Some things to consider when internationalizing ones assets...

Offline badon

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Re: 2 dead, 1 hurt, $500K coin collection gone
« Reply #17 on: February 20, 2012, 03:20:26 PM »
The IRS is not about taxes. It's an intelligence agency for spying on Americans. If the IRS were eliminated, the government's net revenue would increase substantially. They're not buying tax revenue with IRS funding, they're buying information.

Offline comeaux

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Re: 2 dead, 1 hurt, $500K coin collection gone
« Reply #18 on: February 20, 2012, 07:21:58 PM »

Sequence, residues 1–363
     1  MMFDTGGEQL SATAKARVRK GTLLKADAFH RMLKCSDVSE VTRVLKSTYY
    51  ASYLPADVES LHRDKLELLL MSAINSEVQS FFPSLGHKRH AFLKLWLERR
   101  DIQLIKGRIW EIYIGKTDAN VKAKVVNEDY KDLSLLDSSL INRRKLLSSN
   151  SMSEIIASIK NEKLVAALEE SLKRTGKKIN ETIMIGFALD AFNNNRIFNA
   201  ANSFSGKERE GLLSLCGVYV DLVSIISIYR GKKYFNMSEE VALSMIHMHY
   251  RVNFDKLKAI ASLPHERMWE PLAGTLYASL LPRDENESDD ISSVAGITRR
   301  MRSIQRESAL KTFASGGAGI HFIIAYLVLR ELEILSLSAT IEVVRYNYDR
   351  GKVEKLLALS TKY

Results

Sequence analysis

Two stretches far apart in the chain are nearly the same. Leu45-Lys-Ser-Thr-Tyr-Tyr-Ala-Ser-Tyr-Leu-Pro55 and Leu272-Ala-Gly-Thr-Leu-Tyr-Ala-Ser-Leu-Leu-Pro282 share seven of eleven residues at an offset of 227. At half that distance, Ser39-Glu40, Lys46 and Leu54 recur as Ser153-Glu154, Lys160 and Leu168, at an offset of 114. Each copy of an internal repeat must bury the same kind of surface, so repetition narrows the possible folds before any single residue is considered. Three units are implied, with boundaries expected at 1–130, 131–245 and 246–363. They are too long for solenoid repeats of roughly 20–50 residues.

If your nephews owed them $2, they would scorch the earth in order to squeeze it out of them. Stopping crime is not in the best interest of police. It would be like a window seller trying to stop people who break windows.

Yes I have to agree with you on this as the police did not help much on my case. I would call and check in with the police about once a week and see how things were progressing and always got the same old story of “we are still investigating it”.

After a while I just figured that nothing would be done so I called the investigator and asked for the evidence back that I submitted. He asked why I wanted it back so I told him that I was going to pursue it through civil court and that I wanted the evidence in order to bring it to a lawyer for an opinion on if I had a good case.